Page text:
Dr. Wim Vermaas' research program focuses on the molecular biology and cell physiology of prokaryotic photosynthetic systems, utilizing functional genomics and cutting-edge technologies and approaches. His research team consists of a balanced mix of graduate students, postdoctoral associates, staff, and undergraduate students utilizing a cyanobacterium, Synechocystis sp. PCC 6803 (Synechocystis for short), in basic and applied research efforts. Cyanobacteria are a group of very versatile and ancient organisms that can grow under a large range of conditions and that have many ways to make a living. Synechocystis is particularly appealing because its photosynthetic system is essentially identical to that of plants; moreover – in contrast to most “real” plants – it is a molecular biologist's dream for several reasons: 1) its genome (some 3.6 million base pairs) has been sequenced in its entirety, 2) it is spontaneously transformable (i.e., it takes up DNA by itself), 3) it can integrate DNA into its genome by homologous recombination, and 4) it can grow in the absence of photosynthesis if it needs to.
The Vermaas team is currently involved in a transformative research effort to develop strains of Synechocystis that can produce and secrete products for use as renewable raw materials for the biofuels and bioplastics industries. The organisms essentially become biocatalysts (mini-factories), producing and secreting feedstocks for harvest without themselves being consumed, much like a cow giving milk. This revolutionary new technology is being funded by a grant from a branch of the US Department of Energy, the Advanced Research Projects Agency-Energy (ARPA-E).
Possibilities for research projects with the Synechocystis system are almost unlimited. Other examples of research activities in the Vermaas lab include: 1) studying the interaction between chlorophyll synthesis and assembly of chlorophyll-binding complexes, 2) finding “new” genes that affect and regulate photosynthesis and respiration or that are involved in biosynthesis of unique carotenoids, 3) elucidating unusual aspects of the “metabolome” of this cyanobacterium, 4) determining how thylakoid membranes are synthesized, and 5) developing new molecular-biological tools to study protein structure and function. The ultimate goal of all these various research activities is to use the insights to better understand the molecular physiology of the cyanobacterial cell. This research has many potential implications, ranging from metabolic engineering opportunities to new evolutionary insights. It is an exciting field of research, providing students with excellent interdisciplinary training opportunities in the molecular life sciences.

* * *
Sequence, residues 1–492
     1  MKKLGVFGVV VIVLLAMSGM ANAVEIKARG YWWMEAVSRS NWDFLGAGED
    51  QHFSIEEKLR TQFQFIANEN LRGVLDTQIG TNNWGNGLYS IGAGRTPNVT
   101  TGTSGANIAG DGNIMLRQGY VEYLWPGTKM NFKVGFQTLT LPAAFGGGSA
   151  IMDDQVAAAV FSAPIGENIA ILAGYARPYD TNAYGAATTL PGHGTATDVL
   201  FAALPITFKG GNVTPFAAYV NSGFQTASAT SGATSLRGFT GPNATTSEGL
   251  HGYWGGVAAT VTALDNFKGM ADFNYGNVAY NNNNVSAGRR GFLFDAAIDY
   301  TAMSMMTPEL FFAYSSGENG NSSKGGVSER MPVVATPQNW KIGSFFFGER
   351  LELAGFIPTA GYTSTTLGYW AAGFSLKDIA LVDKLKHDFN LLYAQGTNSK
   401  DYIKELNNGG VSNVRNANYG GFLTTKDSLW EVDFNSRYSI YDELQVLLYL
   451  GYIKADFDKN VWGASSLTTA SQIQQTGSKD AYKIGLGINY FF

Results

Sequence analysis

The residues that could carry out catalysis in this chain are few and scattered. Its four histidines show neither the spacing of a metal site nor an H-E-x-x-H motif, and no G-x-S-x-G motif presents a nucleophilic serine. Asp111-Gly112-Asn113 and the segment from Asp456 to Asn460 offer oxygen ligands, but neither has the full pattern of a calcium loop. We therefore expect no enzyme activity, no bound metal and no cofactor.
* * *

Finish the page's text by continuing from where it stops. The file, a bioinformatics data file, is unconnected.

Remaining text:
Dr. Vermaas came to Arizona State University in 1986 after working on various aspects of plant cell and molecular biology at the University of Illinois, Michigan State University, the Technical University in Berlin, Germany, the Agricultural University in Wageningen, The Netherlands, and the Du Pont Experimental Station in Wilmington, Delaware. At ASU, Dr Vermaas also coordinated the U.S. Department of Energy supported Genomes-to-Life Project on the cyanobacterium Synechocystis sp. PCC 6803 and has served as director of ASU's Center for Bioenergy and Photosynthesis.
In addition to his research studies, Dr. Vermaas has also been involved with the National Science Foundation (NSF) supported Integrative Graduate Education and Research Training (IGERT) program in Biomolecular Nanotechnology, and was Director of the related NSF-supported Graduate Research Training Program in the molecular plant sciences. He was recognized for his educational and research contributions in 2010, when he was chosen as a fellow of the American Association for the Advancement of Science (AAAS), a prestigious international scientific society and also recognized as one of ten outstanding ASU faculty members for cutting-edge research, creative activities and excellence in classroom performance.
|Prof. Wim Vermaas
School of Life Sciences and
Center for Bioenergy & Photosynthesis
Arizona State University
Tempe, AZ 85287-4501 USA
Tel: (480) 965-6250
Office Room Number: LS E-549
School of Life Sciences
Center for Bioenergy & Photosynthesis
Synechocystis Project at ASU
Arizona State University, Box 871604, Room ISTB-5 101, Tempe, AZ 85287-1604
phone: (480) 965-1963, fax: (480) 965-5927